Fah Fair ’22 calls the ongoing gun violence in the D.C. neighborhood where she grew up an environmental health issue in an op-ed recently published in The Washington Post. “If environmental injustice is the disproportionate exposure to environmental risks and hazards, then the concentration of gun violence in Southeast and Northeast Washington calls for environmental attention,” she writes.

Fair, a film and media studies major and member of Posse, initially wrote the piece as an assignment for Voices of Environmental Justice, a course taught by Sarah Dimick, assistant professor of environmental studies. In the op-ed, Fair says the year she graduated from high school, there were more than 150 firearm-related homicides in the District of Columbia. This creates an environment of anxiety and fear. Yet, she says, resources and support for those who live in these violent neighborhoods are lacking, which furthers the inequities between different communities.

“Instead of focusing on college applications our senior year, my friends and I attended back-to-back funerals,” she writes. “Residents living in pockets of the city where violence has been normalized are exposed to trauma levels that imitate those of war zones. The mental and physical health needs of these communities are ignored as demonstrated by the lack of grief counseling offered in schools and the inadequate hospitals in these parts of the city. There is only one hospital in Southeast, and it lacks a trauma center to treat gunshot victims. Ambulances often travel 30 minutes to reach an adequate facility. This lack of accessible and quality health care further illustrates the lack of value placed on black lives in this city.”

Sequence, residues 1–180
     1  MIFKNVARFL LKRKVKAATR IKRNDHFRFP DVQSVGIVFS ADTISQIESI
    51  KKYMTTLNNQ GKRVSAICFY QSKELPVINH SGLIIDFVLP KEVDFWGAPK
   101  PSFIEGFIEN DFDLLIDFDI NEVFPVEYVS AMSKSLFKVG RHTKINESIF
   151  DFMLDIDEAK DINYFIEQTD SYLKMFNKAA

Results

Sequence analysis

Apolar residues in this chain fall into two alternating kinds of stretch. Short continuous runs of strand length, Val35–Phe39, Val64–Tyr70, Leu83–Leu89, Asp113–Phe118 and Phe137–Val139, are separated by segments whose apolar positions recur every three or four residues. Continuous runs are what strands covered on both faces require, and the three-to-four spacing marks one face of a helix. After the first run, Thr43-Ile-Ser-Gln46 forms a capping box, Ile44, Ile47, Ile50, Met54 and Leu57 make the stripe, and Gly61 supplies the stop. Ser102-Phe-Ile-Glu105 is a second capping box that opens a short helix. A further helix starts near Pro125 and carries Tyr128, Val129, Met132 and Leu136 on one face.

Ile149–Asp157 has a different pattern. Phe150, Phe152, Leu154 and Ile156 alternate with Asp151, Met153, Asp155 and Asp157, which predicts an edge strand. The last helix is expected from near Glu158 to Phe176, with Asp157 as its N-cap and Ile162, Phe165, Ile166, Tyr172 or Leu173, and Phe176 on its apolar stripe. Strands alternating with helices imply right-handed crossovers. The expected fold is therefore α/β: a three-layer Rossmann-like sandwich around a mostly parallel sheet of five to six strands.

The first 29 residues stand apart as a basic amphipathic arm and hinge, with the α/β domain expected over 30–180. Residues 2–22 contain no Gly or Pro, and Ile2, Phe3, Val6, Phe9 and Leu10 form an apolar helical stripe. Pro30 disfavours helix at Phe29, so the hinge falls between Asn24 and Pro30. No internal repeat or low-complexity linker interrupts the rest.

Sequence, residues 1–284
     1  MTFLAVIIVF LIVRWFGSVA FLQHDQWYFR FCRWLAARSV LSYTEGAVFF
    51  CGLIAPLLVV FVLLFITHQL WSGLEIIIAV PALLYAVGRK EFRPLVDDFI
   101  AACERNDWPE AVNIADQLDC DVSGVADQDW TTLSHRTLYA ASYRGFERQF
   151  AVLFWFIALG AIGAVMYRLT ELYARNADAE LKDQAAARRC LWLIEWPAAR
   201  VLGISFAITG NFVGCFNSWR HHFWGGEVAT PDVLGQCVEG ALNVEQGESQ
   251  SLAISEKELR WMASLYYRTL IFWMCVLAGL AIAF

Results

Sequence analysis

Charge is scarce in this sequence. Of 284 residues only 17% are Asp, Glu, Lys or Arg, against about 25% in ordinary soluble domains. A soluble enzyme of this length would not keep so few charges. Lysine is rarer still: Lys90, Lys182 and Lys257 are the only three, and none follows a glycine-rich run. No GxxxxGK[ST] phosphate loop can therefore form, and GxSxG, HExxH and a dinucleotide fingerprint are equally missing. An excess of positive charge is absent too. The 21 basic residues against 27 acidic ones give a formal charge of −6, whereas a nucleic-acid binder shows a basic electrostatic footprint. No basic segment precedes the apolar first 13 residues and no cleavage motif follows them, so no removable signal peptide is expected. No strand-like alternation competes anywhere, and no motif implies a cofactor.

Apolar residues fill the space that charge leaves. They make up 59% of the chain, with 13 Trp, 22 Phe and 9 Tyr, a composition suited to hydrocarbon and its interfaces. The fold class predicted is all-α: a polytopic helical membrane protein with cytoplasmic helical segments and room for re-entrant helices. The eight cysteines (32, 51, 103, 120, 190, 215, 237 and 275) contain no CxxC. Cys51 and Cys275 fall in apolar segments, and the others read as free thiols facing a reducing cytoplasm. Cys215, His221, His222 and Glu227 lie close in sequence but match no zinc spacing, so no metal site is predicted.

Categorized in: Environmental Studies, Featured News, Film and Media Studies, In the Media, News and Features, Students